Although HSPs and introverts are stereotyped as bookworms, their intellectual interests go beyond Harry Potter and The Hunger Games. Curiosity is both their best friend and worst enemy. For instance, if a question pops into the head of an HSP, they will not rest until a satisfactory answer is known. Also, what HSPs find intellectually stimulating may not be taught in schools – or be considered proper learning. These are both positives in our opinion. Curiosity can carry an HSP far, so long as it’s not too far. A link has been suggested between sensory processing sensitivity and OCD. Knowing how deep an HSP can dive into a subject, this isn’t hard to believe.   

Greater Sense of Justice and Fairness

Fairness comes easy to a Highly Sensitive Person. At least this how many psychologists see it. Being high in conscientiousness means that HSPs are concerned with righting wrongs. When things are not fair, it can eat at an HSP’s soul. Many a schoolyard dilemma has been solved by the suggestions of an HSP. When such a person grows up, they may decide to fight for justice on a large scale. This makes us wonder how many activists and freedom fighters have been highly sensitive. 

Maturity at an Early Age

Since HSPs have greater development potential, they can reach maturity at a young age. By maturity, we mean the ability to handle hardships without resorting to pettiness. It is a strength to make rational decisions about one’s life. However, this strength can only come out with proper emotional and intellectual development. Some HSPs do not have the right environment to reach their full potential. Maturity at an early age is also easily manipulated by less-mature adults.

An Eye for Detail

Do you hear a buzzing in the room? Did you notice that the clock stopped working? For an HSP, the little details in life are all a part of the package. HSPs feel like they’re the only ones who notice these details, and in many cases they’re right. Although this sensitivity can be overwhelming, HSPs can get more out of things that other people take for granted, like movies by noticing how a director uses a certain color or music by noticing a subtle chord change. Little details can form a beautiful picture of the world.

Oneness with Nature

Many HSPs have a deep connection with nature. This is because nature acts as a cleanser for the emotional chaos of human society. Nature doesn’t judge you: plants don’t care who you are and animals live by an easily understood code. Going for a hike in the woods, a stroll on the beach, or even maintaining a garden at home is proven to relieve stress. Nature respects the highly sensitive person, so the highly sensitive person respects nature. Planet Earth becomes a little more cooperative as a result.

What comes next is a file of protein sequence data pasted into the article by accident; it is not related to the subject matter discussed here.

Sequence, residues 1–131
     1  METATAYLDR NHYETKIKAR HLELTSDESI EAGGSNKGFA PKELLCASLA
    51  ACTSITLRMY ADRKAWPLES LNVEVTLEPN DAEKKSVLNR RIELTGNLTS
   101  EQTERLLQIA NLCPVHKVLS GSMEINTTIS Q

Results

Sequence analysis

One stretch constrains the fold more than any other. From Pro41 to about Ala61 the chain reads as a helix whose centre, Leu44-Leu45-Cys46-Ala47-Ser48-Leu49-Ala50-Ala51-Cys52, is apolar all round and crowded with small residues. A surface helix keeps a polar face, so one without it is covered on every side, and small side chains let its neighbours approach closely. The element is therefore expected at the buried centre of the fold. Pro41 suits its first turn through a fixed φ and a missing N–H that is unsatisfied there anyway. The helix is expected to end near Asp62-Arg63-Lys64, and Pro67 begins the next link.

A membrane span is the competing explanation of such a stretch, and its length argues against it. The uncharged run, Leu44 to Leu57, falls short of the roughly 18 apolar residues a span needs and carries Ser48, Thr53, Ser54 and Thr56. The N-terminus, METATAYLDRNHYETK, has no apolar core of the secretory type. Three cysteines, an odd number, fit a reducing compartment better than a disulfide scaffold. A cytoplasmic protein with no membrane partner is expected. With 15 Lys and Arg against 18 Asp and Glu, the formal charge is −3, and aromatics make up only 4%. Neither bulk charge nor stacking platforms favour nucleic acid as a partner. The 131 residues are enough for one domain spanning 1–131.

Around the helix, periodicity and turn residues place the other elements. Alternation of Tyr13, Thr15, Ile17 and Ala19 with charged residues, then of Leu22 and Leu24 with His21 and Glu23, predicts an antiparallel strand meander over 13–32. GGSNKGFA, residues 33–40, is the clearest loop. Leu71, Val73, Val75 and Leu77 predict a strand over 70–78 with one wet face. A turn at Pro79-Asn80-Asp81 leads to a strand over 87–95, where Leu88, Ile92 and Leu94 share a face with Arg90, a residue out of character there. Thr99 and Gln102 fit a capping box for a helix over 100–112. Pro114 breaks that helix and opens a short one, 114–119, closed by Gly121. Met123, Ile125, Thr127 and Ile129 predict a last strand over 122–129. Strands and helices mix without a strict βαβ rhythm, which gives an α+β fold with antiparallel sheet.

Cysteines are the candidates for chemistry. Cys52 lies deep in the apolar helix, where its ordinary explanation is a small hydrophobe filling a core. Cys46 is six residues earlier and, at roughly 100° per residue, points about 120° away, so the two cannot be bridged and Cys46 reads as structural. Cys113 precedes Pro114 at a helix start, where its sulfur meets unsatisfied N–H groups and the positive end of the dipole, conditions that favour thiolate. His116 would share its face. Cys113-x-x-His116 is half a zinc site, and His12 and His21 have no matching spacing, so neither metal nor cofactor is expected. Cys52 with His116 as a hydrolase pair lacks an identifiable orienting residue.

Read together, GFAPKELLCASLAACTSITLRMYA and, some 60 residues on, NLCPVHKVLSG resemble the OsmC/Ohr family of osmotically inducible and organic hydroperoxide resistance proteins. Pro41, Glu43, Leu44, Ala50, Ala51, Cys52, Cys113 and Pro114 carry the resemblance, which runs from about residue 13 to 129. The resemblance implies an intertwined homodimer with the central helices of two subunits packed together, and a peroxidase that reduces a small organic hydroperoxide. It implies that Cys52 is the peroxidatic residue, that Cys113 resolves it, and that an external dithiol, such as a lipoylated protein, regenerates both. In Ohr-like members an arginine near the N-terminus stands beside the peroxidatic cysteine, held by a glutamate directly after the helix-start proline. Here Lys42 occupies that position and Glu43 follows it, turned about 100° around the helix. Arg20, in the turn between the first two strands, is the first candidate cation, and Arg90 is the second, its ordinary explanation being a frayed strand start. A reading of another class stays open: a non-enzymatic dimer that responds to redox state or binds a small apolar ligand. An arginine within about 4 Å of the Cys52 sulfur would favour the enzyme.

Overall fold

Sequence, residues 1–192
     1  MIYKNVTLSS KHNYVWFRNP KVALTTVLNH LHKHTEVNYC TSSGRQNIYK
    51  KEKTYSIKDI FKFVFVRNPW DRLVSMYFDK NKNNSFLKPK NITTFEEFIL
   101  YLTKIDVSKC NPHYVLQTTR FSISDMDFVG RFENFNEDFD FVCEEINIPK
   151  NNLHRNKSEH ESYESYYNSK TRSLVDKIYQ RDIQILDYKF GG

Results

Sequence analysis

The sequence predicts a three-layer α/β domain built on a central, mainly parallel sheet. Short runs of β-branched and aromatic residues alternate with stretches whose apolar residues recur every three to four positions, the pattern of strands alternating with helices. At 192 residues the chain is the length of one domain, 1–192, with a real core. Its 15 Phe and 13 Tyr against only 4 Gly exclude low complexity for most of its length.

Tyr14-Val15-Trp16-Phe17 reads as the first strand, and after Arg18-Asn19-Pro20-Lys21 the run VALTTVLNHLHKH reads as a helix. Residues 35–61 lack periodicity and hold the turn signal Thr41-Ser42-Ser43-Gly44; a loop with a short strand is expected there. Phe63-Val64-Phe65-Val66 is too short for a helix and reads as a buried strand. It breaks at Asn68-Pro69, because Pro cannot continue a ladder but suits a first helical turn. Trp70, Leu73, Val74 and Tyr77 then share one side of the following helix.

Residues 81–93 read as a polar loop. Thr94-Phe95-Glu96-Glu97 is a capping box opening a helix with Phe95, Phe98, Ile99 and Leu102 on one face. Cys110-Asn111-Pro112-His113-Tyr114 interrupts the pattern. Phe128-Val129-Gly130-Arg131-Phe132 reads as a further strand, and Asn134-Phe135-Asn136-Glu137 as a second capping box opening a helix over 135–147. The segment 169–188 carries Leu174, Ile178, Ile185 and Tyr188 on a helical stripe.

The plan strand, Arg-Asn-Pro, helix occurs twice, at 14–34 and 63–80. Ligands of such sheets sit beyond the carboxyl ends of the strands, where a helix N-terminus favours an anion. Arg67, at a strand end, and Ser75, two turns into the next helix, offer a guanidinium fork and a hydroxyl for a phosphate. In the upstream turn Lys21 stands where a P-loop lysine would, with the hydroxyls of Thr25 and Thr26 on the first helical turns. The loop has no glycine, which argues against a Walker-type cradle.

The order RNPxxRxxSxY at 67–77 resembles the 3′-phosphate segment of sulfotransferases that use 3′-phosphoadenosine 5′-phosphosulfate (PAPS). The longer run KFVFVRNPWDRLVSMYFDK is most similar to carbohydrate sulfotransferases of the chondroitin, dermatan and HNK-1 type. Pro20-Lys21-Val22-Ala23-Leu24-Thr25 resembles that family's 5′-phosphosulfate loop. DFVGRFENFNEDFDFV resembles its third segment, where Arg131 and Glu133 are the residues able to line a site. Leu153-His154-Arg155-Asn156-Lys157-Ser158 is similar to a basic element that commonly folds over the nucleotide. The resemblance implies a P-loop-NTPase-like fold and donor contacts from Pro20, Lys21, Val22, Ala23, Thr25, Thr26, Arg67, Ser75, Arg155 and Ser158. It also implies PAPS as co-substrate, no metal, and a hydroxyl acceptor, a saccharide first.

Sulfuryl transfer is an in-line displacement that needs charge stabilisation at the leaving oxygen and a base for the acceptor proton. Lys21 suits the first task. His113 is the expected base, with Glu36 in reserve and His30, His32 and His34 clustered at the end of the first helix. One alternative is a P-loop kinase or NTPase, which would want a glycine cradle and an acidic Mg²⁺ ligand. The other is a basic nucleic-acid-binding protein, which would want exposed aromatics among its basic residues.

Being a highly sensitive person comes with many challenges, but also the strengths to succeed in a world that can feel unbearable. The key for an HSP is to focus on how your unique abilities can make life better for yourself and others. Not everyone can understand a Highly Sensitive Person, so it’s up to you to be your best ally.

Note: Article adapted from 10 Strengths of a Highly Sensitive Person by Kimberly Stewart

Sources:

Acevedo, B.P. (2014). The highly sensitive brain: an fMRI study of sensory processing sensitivity and response to others’ emotions. Brain and Behavior, 4(4), 580-594. doi: 10.1002/brb3.242

Aspinall, P. (2015). The urban brain: analysing outdoor physical activity with mobile EEG. British Journal of Sports Medicine, 49(4), 272-276. doi: 10.1136/bjsports-2012-091877

Daniels, S., & Piechowski, M. M. (2009). Living with Intensity: Understanding the sensitivity, excitability, and emotional development of gifted children, adolescents, and adults. Scottsdale, AZ: Great Potential Press.

Dixon, E. et al. (2016). Development of the Sensory Hypersensitivity Scale (SHS): a self-report tool for assessing sensitivity to sensory stimuli. Journal of Behavioral Medicine, 39(3), 537-550. doi: 10.1007/s10865-016-9720-3